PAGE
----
India is likely to soon announce concessions to shield startups from the so-called ‘angel tax’, including relief from levies on past investments as well.
The changes will be made to conditions specified for benefits under Section 56(2)(vii)(b) of the Income Tax Act, 1961, to remove any ambiguity and allow exemption for past as well as proposed investments that do not exceed Rs 10 crore, including paid-up share capital and premiums. The need for an inter-ministerial group to approve exemptions may also be scrapped on investments up to Rs 10 crore.
“Changes are being finalised… notification will be issued shortly,” a senior government official told ET. This will provide relief to startups that have already received tax demands .
Angel tax is applicable on capital raised by unlisted companies from any entity against an issue of shares in excess of fair market value. The Department of Industrial Policy and Promotion (DIPP) and the Central Board of Direct Taxes (CBDT) are in discussion over the changes to the startup taxation regime .
Exemption terms for angel investors are also likely to be relaxed. As against the current condition of average returned income of Rs 25 lakh for the past three years and net worth of Rs 2 crore on the last day of the last financial year, it is likely to require only that the investor should have returned income of Rs 50 lakh or more in the last preceding financial year.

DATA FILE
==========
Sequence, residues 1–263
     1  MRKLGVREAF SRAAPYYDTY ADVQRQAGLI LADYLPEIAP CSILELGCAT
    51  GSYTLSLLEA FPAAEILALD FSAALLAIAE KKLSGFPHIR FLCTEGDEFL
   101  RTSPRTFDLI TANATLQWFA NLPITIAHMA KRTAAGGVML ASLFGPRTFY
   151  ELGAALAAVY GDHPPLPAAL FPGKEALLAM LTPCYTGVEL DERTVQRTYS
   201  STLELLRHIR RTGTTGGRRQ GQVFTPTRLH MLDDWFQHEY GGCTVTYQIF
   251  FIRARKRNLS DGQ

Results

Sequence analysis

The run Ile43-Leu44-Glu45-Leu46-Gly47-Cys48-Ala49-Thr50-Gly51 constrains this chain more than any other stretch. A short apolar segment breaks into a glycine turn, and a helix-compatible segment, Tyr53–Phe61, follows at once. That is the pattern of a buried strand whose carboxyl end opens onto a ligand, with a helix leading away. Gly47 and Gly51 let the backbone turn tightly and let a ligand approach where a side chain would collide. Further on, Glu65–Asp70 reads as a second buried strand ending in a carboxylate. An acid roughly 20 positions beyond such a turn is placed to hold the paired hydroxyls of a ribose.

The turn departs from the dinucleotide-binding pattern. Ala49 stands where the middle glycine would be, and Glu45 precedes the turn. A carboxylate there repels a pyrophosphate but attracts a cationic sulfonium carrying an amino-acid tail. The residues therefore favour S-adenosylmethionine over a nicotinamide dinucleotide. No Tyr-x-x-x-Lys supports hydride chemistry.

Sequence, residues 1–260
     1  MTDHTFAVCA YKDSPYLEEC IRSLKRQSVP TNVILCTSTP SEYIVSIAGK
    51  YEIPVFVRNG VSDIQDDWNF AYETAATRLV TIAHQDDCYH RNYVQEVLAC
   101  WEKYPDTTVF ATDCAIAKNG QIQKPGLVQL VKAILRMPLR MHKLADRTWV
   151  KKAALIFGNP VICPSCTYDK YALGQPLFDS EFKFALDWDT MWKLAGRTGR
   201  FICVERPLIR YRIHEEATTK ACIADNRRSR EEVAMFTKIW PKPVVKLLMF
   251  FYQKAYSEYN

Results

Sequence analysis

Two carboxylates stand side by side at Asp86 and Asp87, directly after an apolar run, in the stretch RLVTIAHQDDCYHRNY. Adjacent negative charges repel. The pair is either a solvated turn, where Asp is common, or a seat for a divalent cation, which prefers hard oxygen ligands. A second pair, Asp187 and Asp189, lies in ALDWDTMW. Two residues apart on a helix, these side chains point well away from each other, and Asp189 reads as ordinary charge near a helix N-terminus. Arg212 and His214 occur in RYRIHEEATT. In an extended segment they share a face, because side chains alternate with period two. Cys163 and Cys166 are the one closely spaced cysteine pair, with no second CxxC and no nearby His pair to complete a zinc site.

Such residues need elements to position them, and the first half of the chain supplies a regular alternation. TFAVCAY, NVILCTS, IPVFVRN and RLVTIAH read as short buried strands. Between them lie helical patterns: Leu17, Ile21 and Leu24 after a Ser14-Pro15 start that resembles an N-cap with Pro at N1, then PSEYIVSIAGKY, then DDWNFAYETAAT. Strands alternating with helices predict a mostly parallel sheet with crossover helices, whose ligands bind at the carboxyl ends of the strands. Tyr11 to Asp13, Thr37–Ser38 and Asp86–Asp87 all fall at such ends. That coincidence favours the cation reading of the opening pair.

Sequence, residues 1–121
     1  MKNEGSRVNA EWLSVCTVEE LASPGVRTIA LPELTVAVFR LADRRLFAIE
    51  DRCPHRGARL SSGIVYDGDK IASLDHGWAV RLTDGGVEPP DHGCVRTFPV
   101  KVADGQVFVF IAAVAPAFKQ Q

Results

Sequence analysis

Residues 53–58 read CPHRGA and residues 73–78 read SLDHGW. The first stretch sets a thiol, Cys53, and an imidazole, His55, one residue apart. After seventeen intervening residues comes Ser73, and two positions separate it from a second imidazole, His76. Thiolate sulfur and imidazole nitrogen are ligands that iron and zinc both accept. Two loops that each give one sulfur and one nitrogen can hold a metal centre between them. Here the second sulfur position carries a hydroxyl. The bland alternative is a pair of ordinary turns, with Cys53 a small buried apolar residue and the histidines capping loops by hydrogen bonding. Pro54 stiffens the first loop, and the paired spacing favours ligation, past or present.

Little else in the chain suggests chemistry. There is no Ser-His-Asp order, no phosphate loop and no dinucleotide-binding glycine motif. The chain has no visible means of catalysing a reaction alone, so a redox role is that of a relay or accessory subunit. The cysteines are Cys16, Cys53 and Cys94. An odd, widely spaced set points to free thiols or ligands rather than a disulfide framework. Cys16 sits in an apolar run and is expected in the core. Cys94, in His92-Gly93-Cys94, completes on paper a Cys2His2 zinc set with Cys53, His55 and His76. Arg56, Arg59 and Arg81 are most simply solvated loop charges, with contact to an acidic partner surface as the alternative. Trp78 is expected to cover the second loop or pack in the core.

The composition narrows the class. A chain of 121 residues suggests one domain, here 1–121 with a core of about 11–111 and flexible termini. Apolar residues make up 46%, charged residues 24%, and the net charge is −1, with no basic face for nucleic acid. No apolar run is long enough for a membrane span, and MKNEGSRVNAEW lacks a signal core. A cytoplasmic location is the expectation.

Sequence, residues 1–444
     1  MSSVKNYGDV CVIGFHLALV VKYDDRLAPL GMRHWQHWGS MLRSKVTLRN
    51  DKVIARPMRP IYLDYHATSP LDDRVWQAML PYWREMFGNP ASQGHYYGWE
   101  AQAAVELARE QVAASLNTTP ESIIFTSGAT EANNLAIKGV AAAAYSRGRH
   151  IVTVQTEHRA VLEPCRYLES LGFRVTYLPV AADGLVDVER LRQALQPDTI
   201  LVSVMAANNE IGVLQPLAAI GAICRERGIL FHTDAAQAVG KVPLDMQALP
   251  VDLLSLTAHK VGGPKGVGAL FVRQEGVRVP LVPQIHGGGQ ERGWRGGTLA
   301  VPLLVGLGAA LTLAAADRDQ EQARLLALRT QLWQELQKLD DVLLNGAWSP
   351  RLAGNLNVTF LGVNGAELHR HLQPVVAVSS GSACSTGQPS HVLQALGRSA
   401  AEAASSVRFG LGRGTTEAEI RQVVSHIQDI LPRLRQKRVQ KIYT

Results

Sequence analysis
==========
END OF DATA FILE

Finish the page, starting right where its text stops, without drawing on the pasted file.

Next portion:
A number of startups got income tax notices after showing up under Computer Aided Scrutiny Selection (CASS). The authorities sought to levy tax and in some cases even penalties on the funding received by some early-stage startups.
“It’s critical to provide a carveout or an exemption to startups which have raised funding from credible sources. The provision which is troubling them is an anti-abuse provision which ideally should not apply to such startups,” said Amit Maheshwari, partner, Ashok Maheshwary & Associates LLP. Commerce minister Suresh Prabhu had taken up the issue with the finance minister after which CBDT directed tax officials not to pursue coercive action till the issue was fully re-examined.
Under Section 56(2) of the Income Tax Act where a closely held company issues its shares at a price more than its fair market value, the amount received in excess of the fair value will be taxed as income from other sources. This section, touted as an anti-abuse measure, was introduced by former finance minister Pranab Mukherjee in 2012.
Startups approved by an inter-ministerial group do not face the tax. The DIPP had in 2016 launched the Startup India policy to build a strong ecosystem for nurturing innovation and entrepreneurship. Startups also enjoy income tax benefit for three out of seven consecutive assessment years. A number of sops were unveiled by the government, but the notices have rattled the sector.
Source : PTI